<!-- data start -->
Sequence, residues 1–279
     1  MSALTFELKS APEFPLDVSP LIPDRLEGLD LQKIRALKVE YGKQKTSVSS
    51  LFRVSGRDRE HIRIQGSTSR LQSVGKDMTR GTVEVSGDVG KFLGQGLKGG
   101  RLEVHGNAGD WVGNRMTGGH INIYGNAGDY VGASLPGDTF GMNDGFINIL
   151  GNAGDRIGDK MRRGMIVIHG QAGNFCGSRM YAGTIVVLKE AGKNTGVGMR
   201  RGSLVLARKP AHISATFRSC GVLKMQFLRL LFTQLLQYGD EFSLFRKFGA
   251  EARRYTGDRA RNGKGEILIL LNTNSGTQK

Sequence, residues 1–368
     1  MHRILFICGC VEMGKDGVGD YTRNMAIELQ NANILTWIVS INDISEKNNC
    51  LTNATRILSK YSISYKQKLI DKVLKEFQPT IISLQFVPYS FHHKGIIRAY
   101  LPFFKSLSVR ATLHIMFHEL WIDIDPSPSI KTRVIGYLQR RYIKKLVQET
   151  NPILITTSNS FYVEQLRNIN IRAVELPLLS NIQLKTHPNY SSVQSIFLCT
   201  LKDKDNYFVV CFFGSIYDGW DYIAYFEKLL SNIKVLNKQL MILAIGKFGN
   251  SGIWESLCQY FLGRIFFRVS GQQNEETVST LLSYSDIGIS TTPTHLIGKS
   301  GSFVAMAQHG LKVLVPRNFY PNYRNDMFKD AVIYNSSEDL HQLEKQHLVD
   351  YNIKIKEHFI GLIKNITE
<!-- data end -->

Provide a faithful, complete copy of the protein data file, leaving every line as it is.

Sequence, residues 1–279
     1  MSALTFELKS APEFPLDVSP LIPDRLEGLD LQKIRALKVE YGKQKTSVSS
    51  LFRVSGRDRE HIRIQGSTSR LQSVGKDMTR GTVEVSGDVG KFLGQGLKGG
   101  RLEVHGNAGD WVGNRMTGGH INIYGNAGDY VGASLPGDTF GMNDGFINIL
   151  GNAGDRIGDK MRRGMIVIHG QAGNFCGSRM YAGTIVVLKE AGKNTGVGMR
   201  RGSLVLARKP AHISATFRSC GVLKMQFLRL LFTQLLQYGD EFSLFRKFGA
   251  EARRYTGDRA RNGKGEILIL LNTNSGTQK

Sequence, residues 1–368
     1  MHRILFICGC VEMGKDGVGD YTRNMAIELQ NANILTWIVS INDISEKNNC
    51  LTNATRILSK YSISYKQKLI DKVLKEFQPT IISLQFVPYS FHHKGIIRAY
   101  LPFFKSLSVR ATLHIMFHEL WIDIDPSPSI KTRVIGYLQR RYIKKLVQET
   151  NPILITTSNS FYVEQLRNIN IRAVELPLLS NIQLKTHPNY SSVQSIFLCT
   201  LKDKDNYFVV CFFGSIYDGW DYIAYFEKLL SNIKVLNKQL MILAIGKFGN
   251  SGIWESLCQY FLGRIFFRVS GQQNEETVST LLSYSDIGIS TTPTHLIGKS
   301  GSFVAMAQHG LKVLVPRNFY PNYRNDMFKD AVIYNSSEDL HQLEKQHLVD
   351  YNIKIKEHFI GLIKNITE